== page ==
Corona Virus and the General Adaptation Syndrome
Louis Pasteur played a major part in the discovery of microorganisms, particularly those that affect health. He is purported to have said on his deathbed "I was wrong: It is the terrain that matters". He meant, of course, the natural defenses with which the human body is equipped. All members of the animal kingdom live in a hostile environment, the major contributors being the microorganisms that result in disease. They can be thought of as "the enemy" representing a war-like attack that tests our naturally endowed defensive mechanisms. The paradigm in medicine that exists at present is "kill the enemy". This attack is automatically met by a complex of defenses that can be viewed as much like a war. The question of what can be done to make sure that the defenses are as vigorous as possible is answered by the work of Hans Selye.
As a medical student in Hungary, Selye was exposed to a group of patients suffering from the various diseases with which they had been diagnosed. Instead of listening to the teacher, he observed the facial expression of each of the patients as they were presented. He came to the conclusion that they all looked very much the same, that it was a response to the stress imposed by the illness from which they were suffering. After graduation, he emigrated to Canada and set up an Institute in Montréal with the specific intention of studying the effects of stress, defined as anything that attacked the status quo of an animal. He stressed thousands of rats with various forms of trauma and infections. He concluded that if the animal was fit, it would adapt to or resist whatever stress was imposed. If it failed to adapt, or if the stress was overwhelming, the animal would die. He called it the General Adaptation Syndrome (GAS) . He found that the various laboratory studies on the blood and tissues of the injured animals exactly replicated the information obtained from laboratory studies done on sick humans and called human diseases "The diseases of adaptation". One of his remarkable conclusions was that this adaptation through the GAS required huge amounts of energy. In Selye's time, little was known about energy metabolism. However, one of his students knew that thiamine was vital for energy generation and he was able to show that deficiency of this vitamin resulted in a replication of the GAS, without traumatizing the animal . We can conclude that a severe lack of thiamine might be the cause of what we call "shock" and a complete lack would be lethal. Today we have detailed knowledge concerning the role played by thiamine in the generation of cellular energy and this particularly applies to the part of the brain that organizes and controls our adaptive ability through the autonomic and endocrine systems.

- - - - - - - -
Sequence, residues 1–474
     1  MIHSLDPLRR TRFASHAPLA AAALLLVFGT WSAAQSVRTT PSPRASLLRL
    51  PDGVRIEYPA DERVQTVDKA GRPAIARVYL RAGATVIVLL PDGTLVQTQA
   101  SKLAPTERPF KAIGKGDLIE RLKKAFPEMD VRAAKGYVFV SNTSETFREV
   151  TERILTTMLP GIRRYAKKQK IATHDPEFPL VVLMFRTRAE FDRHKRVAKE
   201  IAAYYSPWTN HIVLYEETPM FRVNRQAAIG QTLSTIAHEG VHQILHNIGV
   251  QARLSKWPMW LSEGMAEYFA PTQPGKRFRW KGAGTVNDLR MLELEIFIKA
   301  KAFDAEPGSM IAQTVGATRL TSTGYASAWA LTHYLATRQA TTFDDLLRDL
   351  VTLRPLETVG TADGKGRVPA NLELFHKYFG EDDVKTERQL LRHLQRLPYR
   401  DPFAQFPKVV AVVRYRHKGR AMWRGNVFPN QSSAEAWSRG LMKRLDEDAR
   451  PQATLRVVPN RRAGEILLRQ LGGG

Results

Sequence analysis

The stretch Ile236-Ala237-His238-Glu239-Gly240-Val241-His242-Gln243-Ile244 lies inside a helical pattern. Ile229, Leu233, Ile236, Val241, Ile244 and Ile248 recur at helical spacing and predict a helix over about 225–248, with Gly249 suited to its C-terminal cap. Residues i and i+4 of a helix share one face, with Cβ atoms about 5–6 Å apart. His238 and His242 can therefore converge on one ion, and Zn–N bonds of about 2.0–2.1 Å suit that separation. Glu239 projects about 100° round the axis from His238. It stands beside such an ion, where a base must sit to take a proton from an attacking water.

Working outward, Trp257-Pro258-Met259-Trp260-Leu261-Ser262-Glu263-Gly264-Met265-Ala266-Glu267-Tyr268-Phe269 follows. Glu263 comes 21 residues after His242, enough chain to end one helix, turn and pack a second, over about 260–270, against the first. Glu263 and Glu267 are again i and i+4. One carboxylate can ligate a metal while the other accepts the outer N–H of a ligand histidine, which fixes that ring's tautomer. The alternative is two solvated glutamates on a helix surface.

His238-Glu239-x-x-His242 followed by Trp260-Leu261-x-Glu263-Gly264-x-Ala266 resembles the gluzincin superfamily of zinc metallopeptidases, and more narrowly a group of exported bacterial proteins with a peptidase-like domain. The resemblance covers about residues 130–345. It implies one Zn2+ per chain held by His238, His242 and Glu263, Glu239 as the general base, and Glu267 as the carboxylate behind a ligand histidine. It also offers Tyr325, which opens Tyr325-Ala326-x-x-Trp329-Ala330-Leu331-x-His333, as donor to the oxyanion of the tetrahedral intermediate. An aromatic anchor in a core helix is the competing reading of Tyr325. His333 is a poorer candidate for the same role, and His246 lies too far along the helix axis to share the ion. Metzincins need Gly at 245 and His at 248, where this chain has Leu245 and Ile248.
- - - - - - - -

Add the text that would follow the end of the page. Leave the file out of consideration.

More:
Does Selye's Work Apply to the Corona virus?